Rome’s first confrontation outside of Italy was against the Carthaginians. The North African city of Carthage originally settled by the Phoenicians dominated the trade throughout the Mediterranean. The Carthaginians saw their commercial interests in Sicily threatened by Rome’s expansion. This led to three Punic Wars in the 3rd and 2nd centuries BCE. Rome seized territory formerly held by the Carthaginians (Sardinia, Corsica, Spain, and the northern tip of Africa), but also suffered its worst defeats. Carthage’s famous general Hannibal twice obliterated the Roman army with African war elephants, and according to Frank Snowden, African soldiers and elephant handlers. Rome continued to acquire new provinces. The conquest of Hellenistic provinces like Macedonia, the birthplace of Alexander the Great, and Greece, would bring in Greek culture as a powerful influence on Roman life and art. The acquisition of provinces also created the opportunity for individuals for make a fortune and forge a local army. The most influential general who arose in this way was Julius Caesar.

In the 1st century BCE Rome’s powerful commander Julius Caesar annexed Gaul (France) and expanded Rome’s African province. As a commander, Caesar became so influential that the Senate, feeling threatened, ordered him to disband his army. Caesar instead led his army out of the province to which he had been posted—in open defiance of Roman law. Caesar then ruled Rome as a dictator until he was assassinated in 44 BCE. Caesar's adoptive son, Octavian, succeeded him. Octavian nominally restored the Senate’s powers and took up the position of princeps (first citizen) while gradually increasing his authority. In 27 BCE Octavian was awarded the title Augustus (“revered one”)—this is usually taken as beginning of Rome’s imperial period.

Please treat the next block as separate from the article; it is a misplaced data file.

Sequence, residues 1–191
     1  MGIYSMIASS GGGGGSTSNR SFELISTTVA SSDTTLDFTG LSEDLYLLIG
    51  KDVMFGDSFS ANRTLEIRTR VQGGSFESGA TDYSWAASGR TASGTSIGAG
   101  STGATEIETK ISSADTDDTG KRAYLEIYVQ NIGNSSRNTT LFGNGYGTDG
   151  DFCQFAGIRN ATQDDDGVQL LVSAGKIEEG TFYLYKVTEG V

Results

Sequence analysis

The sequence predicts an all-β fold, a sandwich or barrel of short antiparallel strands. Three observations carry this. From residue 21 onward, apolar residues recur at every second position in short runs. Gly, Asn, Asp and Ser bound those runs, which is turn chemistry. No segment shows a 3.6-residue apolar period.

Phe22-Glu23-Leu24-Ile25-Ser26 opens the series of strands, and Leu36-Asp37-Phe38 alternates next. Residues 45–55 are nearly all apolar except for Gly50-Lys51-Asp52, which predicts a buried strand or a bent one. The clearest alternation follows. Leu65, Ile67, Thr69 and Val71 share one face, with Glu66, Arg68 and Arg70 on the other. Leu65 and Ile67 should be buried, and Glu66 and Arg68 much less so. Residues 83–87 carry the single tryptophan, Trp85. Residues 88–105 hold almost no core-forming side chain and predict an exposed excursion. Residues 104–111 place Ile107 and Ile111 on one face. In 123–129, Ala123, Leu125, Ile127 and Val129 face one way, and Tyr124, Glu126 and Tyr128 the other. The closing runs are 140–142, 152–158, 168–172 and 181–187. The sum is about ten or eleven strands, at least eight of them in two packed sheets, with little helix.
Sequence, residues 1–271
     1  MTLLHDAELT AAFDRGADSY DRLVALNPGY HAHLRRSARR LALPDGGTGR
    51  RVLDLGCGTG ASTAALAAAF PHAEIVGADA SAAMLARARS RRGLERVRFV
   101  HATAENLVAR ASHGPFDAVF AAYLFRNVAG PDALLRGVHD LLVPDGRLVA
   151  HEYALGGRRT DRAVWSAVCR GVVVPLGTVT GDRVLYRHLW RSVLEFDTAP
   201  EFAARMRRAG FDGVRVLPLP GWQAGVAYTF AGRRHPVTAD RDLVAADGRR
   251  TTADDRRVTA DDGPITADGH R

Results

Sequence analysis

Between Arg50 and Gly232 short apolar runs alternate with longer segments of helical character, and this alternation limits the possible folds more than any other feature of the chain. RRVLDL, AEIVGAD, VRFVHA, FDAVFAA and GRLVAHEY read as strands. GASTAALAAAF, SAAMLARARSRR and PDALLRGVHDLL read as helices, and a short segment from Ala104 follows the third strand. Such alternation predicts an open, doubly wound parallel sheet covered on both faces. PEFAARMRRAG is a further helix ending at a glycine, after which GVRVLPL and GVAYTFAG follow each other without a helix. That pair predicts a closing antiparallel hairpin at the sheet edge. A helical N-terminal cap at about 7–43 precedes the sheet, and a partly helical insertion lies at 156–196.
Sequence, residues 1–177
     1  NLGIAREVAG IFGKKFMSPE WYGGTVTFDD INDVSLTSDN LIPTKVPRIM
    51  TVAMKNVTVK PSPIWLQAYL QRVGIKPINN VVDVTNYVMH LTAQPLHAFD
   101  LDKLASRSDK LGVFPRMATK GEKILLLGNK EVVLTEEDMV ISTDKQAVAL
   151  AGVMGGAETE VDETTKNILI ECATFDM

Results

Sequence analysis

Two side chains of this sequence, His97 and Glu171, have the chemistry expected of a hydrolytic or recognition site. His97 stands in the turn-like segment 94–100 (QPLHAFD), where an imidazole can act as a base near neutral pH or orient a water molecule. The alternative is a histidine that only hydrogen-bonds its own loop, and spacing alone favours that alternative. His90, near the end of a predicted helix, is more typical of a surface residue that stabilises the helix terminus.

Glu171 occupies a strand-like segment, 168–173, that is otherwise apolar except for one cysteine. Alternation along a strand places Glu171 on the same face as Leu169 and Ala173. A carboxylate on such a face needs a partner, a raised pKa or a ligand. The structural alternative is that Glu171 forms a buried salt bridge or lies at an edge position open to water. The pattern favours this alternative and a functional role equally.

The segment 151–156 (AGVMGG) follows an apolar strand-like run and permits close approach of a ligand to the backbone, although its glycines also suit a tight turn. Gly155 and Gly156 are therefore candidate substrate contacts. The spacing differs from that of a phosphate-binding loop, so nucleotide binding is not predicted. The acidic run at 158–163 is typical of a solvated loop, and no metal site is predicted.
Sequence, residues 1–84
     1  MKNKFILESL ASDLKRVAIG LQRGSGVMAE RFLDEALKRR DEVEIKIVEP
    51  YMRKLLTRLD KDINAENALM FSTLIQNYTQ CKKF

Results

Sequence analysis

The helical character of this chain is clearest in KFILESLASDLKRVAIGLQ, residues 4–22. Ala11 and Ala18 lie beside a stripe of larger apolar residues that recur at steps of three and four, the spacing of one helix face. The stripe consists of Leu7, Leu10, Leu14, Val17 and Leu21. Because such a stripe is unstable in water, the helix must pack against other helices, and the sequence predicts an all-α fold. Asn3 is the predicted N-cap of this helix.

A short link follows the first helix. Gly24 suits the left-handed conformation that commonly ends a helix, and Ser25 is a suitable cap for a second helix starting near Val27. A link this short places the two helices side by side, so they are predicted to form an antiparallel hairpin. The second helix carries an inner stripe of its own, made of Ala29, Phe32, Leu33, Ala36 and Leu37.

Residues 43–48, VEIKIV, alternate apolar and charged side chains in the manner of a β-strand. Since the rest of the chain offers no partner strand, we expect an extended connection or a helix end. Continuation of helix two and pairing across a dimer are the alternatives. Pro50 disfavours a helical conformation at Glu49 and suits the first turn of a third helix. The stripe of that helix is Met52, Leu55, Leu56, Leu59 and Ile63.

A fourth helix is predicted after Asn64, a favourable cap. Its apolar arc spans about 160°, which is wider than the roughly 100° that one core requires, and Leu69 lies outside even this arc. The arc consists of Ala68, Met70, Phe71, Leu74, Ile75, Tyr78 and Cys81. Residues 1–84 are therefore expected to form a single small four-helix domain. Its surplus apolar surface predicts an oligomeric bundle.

The Roman Empire (30 BCE - 500 CE)

Augustus Octavian
Like Asoka’s reign during the Mauryan dynasty in India, and Pericles’ Athens, Augustus’ Rome is considered a high point in human governance. Augustus’ reign brought a period of stability and peace, known as the Pax Romana, which would last until 180 CE. Augustus annexed additional provinces like Egypt as well as strengthened the support of existing provinces by granting them the status of imperial provinces. He established fixed and defensible borders for the northern reaches of his conquered territories in present day Germany and Austria and he secured his less defined eastern borders with alliances with neighboring kingdoms. Trade flourished under Augustus’ rule. An infrastructure of roads, lighthouses, and sheltered harbors encouraged commercial activity while the presence of Roman soldiers in faraway provinces encouraged long-distance trade. In Rome, Augustus built and restored many public buildings, encouraged the arts, revived traditional religious beliefs, and enacted numerous political, economic, and social reforms.